THREE University of Zambia unions have resolved to go on go-slow until their gratuities are paid.

The unions are represented by the University of Zambia Allied and Workers’ Union (UNZAAWU), the University of Zambia Professional Staff Union (UNZAPROSU) and the University of Zambia Lecturers and Researchers’ Union (UNZALARU).

Speaking to Journalists, Friday, UNZAPROSU president Michael Kaluba said the university had been mismanaged and that the unions would continue with the go slow until their demands were met.

“We had a joint meeting as leaders to reflect on the wrong things that are going on at UNZA. We are not happy with how this university is being run, it is being mismanaged. The government released K200 million to pay retirees their terminal benefits and to pay serving employees of UNZA, their gratuities. We have members of staff that have served UNZA and they are owed gratuities for the last 16 years and we are saying can these people be paid. The government released K200 million and this management in its wisdom just decided to pay retirees leaving people that are owed gratuities unpaid. And we are saying that act was wrong. This money must be paid, if it is not paid, we will continue with go slow until our demands are addressed. And for heaven’s sake, K200 million is not a lot of money which this government can fail to make available so that these people are paid,” Kaluba said.

“Let them make another K200 million available to pay serving employees their gratuities. Before the money was released, we had an understanding that this money should pay retirees up to 2016 and clear gratuities up to 2013. But when the money came, they changed the goal post and management said they will just pay the retirees. So we are saying since they seem to be prioritizing retirees, maybe while we are on go slow, the retirees can come and work. If they don’t meet our demands, we will continue our go slow. Labour is a commodity and it must be paid for.”

Kaluba said government should review funding to Public Service universities.

“The budget was not very clear on payment of retirees because all the talk was ‘so much money has been reserved to pay retirees under the public service’, now for UNZA, it is not clear whether we are under that because the public service has got their own rules and regulations on how people qualify. When you look at the yellow book, there is no provision for universities. Let the government review funding to Public Service universities, you cannot make such a big improvement going to Constituency Development Funds and you only give a university a K3 Million. What are we trying to develop? Are we trying to develop human capital or are we trying to develop something else?” questioned Kaluba.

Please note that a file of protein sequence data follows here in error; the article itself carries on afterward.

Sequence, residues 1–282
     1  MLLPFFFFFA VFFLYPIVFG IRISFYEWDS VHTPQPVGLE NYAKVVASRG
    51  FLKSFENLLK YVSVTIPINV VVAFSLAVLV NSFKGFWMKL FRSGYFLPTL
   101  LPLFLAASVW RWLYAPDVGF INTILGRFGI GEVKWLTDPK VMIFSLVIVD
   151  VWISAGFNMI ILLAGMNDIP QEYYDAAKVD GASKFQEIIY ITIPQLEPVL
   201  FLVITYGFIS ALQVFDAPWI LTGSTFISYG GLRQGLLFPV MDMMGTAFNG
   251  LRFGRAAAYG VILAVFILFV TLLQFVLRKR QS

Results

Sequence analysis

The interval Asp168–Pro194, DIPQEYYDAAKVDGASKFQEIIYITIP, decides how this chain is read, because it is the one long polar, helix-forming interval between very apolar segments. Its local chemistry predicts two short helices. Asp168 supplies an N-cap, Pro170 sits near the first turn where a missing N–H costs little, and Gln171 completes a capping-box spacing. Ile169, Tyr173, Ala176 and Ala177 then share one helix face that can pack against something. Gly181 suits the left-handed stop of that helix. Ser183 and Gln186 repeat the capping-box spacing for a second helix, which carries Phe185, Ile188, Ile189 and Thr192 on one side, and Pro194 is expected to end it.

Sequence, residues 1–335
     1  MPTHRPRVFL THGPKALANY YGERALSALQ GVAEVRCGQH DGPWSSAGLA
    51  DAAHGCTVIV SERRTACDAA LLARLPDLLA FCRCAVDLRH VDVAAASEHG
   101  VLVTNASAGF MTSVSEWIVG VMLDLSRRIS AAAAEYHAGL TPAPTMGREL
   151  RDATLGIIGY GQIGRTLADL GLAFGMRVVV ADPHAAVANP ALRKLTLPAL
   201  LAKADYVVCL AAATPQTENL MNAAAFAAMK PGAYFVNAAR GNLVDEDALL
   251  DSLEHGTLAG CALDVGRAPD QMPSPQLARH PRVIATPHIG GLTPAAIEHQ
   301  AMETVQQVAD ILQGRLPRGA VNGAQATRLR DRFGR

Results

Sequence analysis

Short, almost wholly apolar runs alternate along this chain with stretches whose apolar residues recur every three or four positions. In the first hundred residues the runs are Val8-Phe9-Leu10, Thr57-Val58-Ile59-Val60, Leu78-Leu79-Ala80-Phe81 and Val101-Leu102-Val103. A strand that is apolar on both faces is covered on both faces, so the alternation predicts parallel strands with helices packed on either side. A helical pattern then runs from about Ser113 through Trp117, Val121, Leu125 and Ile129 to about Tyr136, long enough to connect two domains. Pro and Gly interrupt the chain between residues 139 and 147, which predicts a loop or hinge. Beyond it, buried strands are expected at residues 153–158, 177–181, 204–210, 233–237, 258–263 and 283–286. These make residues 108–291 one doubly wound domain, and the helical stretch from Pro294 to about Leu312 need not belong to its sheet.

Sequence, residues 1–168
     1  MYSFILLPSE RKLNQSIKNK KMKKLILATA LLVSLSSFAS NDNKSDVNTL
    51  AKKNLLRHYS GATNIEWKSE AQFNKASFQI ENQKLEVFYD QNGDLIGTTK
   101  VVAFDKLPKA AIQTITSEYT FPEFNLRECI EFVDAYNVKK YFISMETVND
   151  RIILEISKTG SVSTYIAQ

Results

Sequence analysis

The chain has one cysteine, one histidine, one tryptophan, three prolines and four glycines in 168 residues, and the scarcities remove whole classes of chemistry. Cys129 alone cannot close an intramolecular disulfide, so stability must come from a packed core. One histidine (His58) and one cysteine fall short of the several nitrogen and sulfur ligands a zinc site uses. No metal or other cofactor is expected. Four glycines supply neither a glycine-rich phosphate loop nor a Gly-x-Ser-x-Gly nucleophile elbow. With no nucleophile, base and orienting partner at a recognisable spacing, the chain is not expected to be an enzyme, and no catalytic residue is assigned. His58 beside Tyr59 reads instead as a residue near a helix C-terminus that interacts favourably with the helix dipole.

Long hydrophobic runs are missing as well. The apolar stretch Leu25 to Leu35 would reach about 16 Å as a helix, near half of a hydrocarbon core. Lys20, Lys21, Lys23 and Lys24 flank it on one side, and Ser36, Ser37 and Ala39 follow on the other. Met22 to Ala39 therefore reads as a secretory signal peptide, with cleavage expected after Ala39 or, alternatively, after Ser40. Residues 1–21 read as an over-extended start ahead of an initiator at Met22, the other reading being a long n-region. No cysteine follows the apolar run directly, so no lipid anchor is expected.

And UNZAAWU general secretary Mupuna Moonga demanded that their conditions of services should be reviewed every 12 months.

“We work regularly under conditions that are not valid. UNZA is not a small enterprise, this is not a small farm. It is a big enterprise whose conditions for the workers are regulated by protocol that regulates every corporate entity. But as it is, we are working outside of those norms. Our conditions of services should be reviewed every 12 months. Meaning that working any other way, you will be doing things illegally. As things stand, management is doing things illegally. They are putting us to work with conditions of service that have expired,” said Mupuna.

Meanwhile, UNZALARU president Dr Andrew Phiri said the university had become autocratic.

“We should not have a government that brings conditionalities to the things that you have worked for, it is unacceptable. The law says what you are enjoying now should not be watered down. But what have we seen in the act? This year, they have quickly amended the Higher Education Act and kicked out the unions. The idea is you and me should only be seen and not heard. Your voice should become useless. Management has abrogated its role to the ministry. UNZA has become like a parastatal. They can not make decisions until they get directives from the Ministry of Education. Is this how you want to run the university? But you have a management that works at the whim of the ministry,” Dr Phiri said.

“And now the university has become autocratic. Very few of you have come here, many of you are fearing. The university is supposed to be a place of freedom. And you must have a right to protest. You cannot have a university and management that want to limit your benefits. This has been the worst management that looks at anti-worker conditions of service.”

He lamented that their engagements with government and management yielded no results.

“Should we wait until we are dead to get what we want? We have engaged the last five years to reason both with government and management and the so-called caretakers’ councils to see that your interests are safeguarded, what has it led us to? Zero! The past five years if you see the take home value that you have, it is nothing to talk about,” said Dr Phiri.

The unions have since called for the removal of the university’s top management led by Professor Luke Mumba for allegedly mismanaging the university for the past five years.